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Govt norms for cab firms may dampen investments

The new guidelines are reminiscent of the clash that played out in the courts in 2016 between regulators and operators like Ola and UberPremium
The new guidelines are reminiscent of the clash that played out in the courts in 2016 between regulators and operators like Ola and Uber

  • The centre’s guidelines proposes to bring Ola and Uber among others under a regulatory framework as a measure to protect customers from getting “fleeced” by surge pricing
  • The decision to cap commissions at 20%, analysts said, is not aligned with demands by the IFAT demands of limiting it to 5-10%

The new guidelines for cab aggregators may dampen investments in the sector, impede the revival of the ride-hailing business and go against the contours of the Centre’s ease of doing business metric, industry executives said.

The Motor Vehicle Aggregator Guidelines 2020 released on 27 November proposed a cap on surge pricing and company commission, and also levied penalties on driver cancellations, among measures that experts said could affect the fundamental business model of companies operating in this space.

The guidelines, which are binding only after the state governments issue the rules separately, come at a time when the government of India has proposed relaxation of land, labour, farm and industrial laws, to attract big-ticket investments and strengthened regulations around data protection and cab aggregators among other sectors.

“No consultations were held with the industry and reasonably far-reaching guidelines with significant consequences were issued. If you read through the fine print, it does look like over-regulation and excessive requirements for a very nascent industry that is going to seriously set us back as a category and delay the recovery. It is one of the most regressive set of guidelines," said a top executive at a ride hailing firm, requesting anonymity.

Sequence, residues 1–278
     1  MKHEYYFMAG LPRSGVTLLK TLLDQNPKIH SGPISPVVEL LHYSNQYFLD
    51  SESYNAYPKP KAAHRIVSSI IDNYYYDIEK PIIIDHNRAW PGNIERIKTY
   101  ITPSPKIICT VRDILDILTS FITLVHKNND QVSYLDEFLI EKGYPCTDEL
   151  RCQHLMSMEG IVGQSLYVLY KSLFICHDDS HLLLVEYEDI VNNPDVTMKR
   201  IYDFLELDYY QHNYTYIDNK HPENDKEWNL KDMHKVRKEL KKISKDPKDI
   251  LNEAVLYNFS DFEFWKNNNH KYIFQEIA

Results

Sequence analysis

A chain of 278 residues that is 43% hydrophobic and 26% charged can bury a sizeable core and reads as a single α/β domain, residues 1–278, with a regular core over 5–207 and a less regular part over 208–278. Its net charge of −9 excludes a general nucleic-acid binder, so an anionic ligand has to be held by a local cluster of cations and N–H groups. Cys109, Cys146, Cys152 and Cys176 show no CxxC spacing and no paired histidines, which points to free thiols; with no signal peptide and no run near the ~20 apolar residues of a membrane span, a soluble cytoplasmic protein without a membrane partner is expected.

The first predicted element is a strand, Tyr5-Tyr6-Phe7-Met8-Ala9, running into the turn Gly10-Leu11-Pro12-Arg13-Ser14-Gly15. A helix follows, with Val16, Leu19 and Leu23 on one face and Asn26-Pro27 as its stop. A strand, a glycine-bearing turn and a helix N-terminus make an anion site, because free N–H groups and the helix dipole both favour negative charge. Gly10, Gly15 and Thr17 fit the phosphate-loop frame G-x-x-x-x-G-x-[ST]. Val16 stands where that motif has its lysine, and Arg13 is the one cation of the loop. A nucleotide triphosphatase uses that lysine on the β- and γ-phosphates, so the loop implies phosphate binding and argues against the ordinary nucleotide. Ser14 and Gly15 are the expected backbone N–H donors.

The Centre has denied allegations that the guidelines were formulated in a non-consultative manner.

Operators also said that the requirement to share information between aggregators is impractical as it “exposes competitive data". The guidelines formally recognize the sector, but the timing of these new rules is likely to put more pressure on their recovery, said Ujjwal Chaudhry, associate partner, Redseer. “Capping of prices, commission and some of the other ways that the regulations specify how companies should operate their business...those ultimately become a deterrent to the ecosystem that will eventually lead to its stagnation."

The guidelines could make business for aggregators less profitable and are likely to be an entry barrier for new startups in this space and also possibly lead to slow growth of existing businesses, said Amarjeet Singh, partner, tax, regulatory and internet business, KPMG in India.

However, under the new regulated regime, capping of surge could lead to more bookings by customers, Singh said. “The pandemic has pushed existing customers to opt for private transport rather than shared/public mobility vehicles, but the changes because of the new guidelines may help bring back demand closer to pre-covid levels," he said.

The regulations would also bring a greater degree of operational stability, ensure safety of the rider and driver, and prevent unjustified imposition of surge pricing.

Surge pricing compensates drivers for taking up rides during peak hours and is fundamental to the demand-supply economics in which these companies operate, the person said.

The decision to cap commissions at 20%, analysts said, is not aligned with demands by the Indian Federation of App-Based Transport Workers (IFAT) of limiting it to 5-10%. The new guidelines are reminiscent of the clash that played out in the courts in 2016 between regulators and operators such as Ola and Uber when Karnataka introduced regulations to cap surge pricing among others under the On-demand Transportation Technology Aggregators Rules.

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